Screenshot of amateur video showing Syrian Army offensive in Khalidiya. Posted on YouTube, Monday July 29.
Syrian Army soldiers have won control of the Khalidiya district in Homs, crushing one of the last rebel bastions in the central city that sits on the route linking Damascus with the coastal heartland of President Assad’s Alawite sect.
The district had been surrounded by regime troops for a year, but in the last month they stepped up their assault, launching air attacks on a daily basis. With diminishing weapons supplies, the rebels were no longer able to maintain their near 2-year hold on Khalidiya.
It is the most strategically important prize for the Syrian Army in Homs since they took back the Baba Amr neighbourhood, following a bloody offensive in March 2012. In a symbolic blow to the opposition, last week army shelling severely damaged a 13th century mosque housing the tomb of Khaled Ben Walid, a companion of the Prophet Mohammed.
Amateur footage showing fighting in Khalidiya. Filmed and posted on YouTube by a sympathiser of the regime on July 28.

“It was a miracle we were able to hold on for more than a year, faced with the regime’s onslaught”

Abu-Rami Al-Qosour is from a communications centre in Homs linked to the Free Syrian Army (FSA).
Since the siege against areas controlled by the FSA started a month ago, the army, with the support of Hizbollah from Lebanon, was able to take control of almost half of Khalidiya. On Saturday, the regime launched an extremely violent offensive, which meant, unfortunately, it was able to overcome those who were resisting inside Khaled Ben Walid Mosque. For the fighters, it was a very strategic place because it linked the old Homs neighbourhoods with other areas controlled by the FSA, like al-Qossour, Jour al-Chiyah and al-Qarabis.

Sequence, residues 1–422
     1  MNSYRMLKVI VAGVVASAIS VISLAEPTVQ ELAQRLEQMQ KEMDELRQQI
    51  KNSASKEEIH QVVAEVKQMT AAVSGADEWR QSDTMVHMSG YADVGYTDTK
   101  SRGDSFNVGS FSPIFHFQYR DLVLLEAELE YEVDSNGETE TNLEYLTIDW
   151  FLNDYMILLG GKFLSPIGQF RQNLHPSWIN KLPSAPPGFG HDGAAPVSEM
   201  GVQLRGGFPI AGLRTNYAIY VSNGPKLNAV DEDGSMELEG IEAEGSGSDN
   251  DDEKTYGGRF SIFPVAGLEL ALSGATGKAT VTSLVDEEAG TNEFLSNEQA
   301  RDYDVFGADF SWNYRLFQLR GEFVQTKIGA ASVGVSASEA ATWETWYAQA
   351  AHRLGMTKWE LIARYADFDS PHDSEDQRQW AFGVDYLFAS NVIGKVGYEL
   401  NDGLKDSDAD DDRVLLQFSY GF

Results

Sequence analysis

Amateur footage showing fighting in Khadiliya. Posted on YouTube on July 29.
After a short-lived respite, the army launched another attack at dawn on Monday. It was the most violent so far, and meant the army took control of almost all of Khalidiya. FSA fighters had to pull back into the neighbourhoods of Jour al-Chiya, al-Qarabis et old Homs. These areas make up the new front line.
                   “We weren’t able to get weapons or reinforcements”
Capturing Khalidiya wasn’t difficult because the army had prepared the terrain well. From 6am onwards on Monday, it launched a series of air raids, and then it attacked with mortar and ground-to-ground missiles, before it sent troops in. It is too early to know how many were killed. My comrades and I pulled the body of a dead fighter from the rubble, and we also pulled out a wounded fighter. Given the strength of the regime’s attack and the flagrant imbalance between the two sides, the fall of Khalidiya was inevitable. It was a miracle we were able to hold on for more than a year, faced with the regime’s onslaught.
We weren’t able to get weapons or reinforcements so we could hold onto our positions. The fall of Qusayr, in the south of Syria, was a fatal blow for us because that was where our arms, and also our fighters, came from. Also, in the north of the province, some brigades linked with the FSA have worked out a cease-fire with the regime [Editor’s note: our Observer declined to say which brigades]. For six months, these brigades have not sent us any help at all: no arms, no fighters, no medicine.
                     “We have no other choice but to stay and fight. Until the end”
The leaders of the opposition are responsible for our disappointment. The Major Chief of the FSA’s Supreme Military Council, Salim Driss, promised a month ago that he would send us enough high-performance arms so we could avoid defeat. But we didn’t see anything arrive. The opposition coalition is going to evermore international conferences, but to no avail. Worse, the coalition is in the middle of giving in to Western pressure to put in place a political solution. We are against this. From now on, in the areas still controlled by the FSA, we have no other choice but to stay and fight. Until the end.